TAIPEI, Taiwan (AP) — Taiwanese President Tsai Ing-wen thanked navy and army personnel Friday for defending the island after China sent a record number of warplanes and ships to the island this week.
Speaking to the Taiwan Navy’s 146th Fleet at the Penghu Naval Base, Tsai Ing-wen said China’s military drills earlier this week were the largest so far this year.
“Your responsibility is heavy … I want to thank you, our military brothers and sisters, for your hard work,” she said. “War, we can only stop war if we have the power to start it. “
China’s military harassment of Taiwan, which it claims as its territory, has intensified in recent years, with the Communist Party’s People’s Liberation Army sending planes or ships to the island almost daily.
In a 24-hour period from Sunday to Monday, 47 Chinese aircraft flew across the center line of the Taiwan Strait, an unofficial border that was once tacitly accepted by both sides, according to Taiwan’s defense ministry.
Tensions rose in August after China fired missiles into the sea and sent planes and ships across the Taiwan Strait demarcation line after U.S. House Speaker Nancy Pelosi visited Taiwan.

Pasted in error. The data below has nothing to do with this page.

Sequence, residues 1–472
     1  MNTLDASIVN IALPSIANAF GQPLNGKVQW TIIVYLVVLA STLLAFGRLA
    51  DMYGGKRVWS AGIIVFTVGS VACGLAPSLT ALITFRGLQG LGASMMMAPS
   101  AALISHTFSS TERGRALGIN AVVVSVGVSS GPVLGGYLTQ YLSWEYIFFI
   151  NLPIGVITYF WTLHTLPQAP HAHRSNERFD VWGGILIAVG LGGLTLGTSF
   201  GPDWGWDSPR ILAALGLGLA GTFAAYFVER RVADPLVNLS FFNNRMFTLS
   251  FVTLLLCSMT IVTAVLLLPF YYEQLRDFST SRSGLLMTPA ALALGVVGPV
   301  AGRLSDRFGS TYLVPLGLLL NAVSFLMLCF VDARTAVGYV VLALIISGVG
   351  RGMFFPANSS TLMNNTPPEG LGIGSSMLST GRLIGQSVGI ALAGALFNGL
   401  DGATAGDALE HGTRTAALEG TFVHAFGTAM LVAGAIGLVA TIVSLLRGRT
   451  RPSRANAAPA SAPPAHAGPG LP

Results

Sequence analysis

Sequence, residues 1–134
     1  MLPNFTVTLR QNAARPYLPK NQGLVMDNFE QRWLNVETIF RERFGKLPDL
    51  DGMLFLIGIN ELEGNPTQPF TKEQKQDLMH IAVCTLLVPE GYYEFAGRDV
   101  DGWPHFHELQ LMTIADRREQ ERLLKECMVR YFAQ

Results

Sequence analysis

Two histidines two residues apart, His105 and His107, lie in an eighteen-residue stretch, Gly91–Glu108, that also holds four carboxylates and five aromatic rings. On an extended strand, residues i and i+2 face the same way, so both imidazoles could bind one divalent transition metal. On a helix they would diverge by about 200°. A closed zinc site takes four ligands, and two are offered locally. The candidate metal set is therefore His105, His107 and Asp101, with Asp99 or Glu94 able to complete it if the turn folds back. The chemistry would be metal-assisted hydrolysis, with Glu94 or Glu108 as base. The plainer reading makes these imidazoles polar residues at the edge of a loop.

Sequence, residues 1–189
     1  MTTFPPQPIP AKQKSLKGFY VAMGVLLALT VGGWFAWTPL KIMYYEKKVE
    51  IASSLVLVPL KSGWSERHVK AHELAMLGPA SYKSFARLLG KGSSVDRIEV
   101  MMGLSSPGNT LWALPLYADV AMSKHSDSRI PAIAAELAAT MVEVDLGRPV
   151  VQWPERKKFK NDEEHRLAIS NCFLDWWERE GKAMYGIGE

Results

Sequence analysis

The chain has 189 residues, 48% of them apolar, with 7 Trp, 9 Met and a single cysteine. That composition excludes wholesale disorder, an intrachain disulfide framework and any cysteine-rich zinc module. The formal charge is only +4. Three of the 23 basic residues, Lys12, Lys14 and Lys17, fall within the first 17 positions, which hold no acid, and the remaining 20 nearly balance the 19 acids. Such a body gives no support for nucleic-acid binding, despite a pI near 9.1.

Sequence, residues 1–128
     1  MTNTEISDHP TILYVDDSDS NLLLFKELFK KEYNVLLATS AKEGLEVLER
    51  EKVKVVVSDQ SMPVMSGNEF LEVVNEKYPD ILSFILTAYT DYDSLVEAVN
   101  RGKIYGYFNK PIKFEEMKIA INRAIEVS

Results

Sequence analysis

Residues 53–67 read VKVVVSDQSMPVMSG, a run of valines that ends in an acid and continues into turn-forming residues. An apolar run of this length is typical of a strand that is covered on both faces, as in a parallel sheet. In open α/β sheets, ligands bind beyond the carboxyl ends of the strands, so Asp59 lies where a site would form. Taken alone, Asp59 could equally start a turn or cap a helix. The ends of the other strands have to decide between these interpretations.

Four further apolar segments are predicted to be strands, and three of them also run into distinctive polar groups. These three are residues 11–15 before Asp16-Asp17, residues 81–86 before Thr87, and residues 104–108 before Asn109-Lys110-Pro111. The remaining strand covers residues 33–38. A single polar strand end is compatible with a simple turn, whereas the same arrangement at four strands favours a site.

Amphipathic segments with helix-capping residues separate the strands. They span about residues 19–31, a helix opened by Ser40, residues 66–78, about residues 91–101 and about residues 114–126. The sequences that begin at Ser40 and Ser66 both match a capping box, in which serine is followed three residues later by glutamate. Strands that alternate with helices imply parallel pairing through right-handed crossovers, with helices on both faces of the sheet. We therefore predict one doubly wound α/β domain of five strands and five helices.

In this regard, Tsai Ing-wen has been actively trying to reform the island’s military and defense capabilities, revitalize the shipbuilding industry, and at the same time actively purchase weapons from the United States. On Tuesday, she announced the extension of compulsory military service from four months to a year starting in 2024.
Tsai addressed the move in a speech to the military on Friday, saying Taiwan would also conduct modernization training for active-duty troops. Taiwan now requires only four months of military service from men, which is widely viewed by the public as insufficient to defend Taiwan. She said the new one-year compulsory service would not be a “waste of time”.
Tsai visited naval and army bases in Penghu, an archipelago of dozens of islands off the west coast. The 146th Fleet is actively patrolling the waters surrounding Taiwan.
Copyright 2022 The Associated Press. all rights reserved. This material may not be published, broadcast, rewritten or redistributed without permission.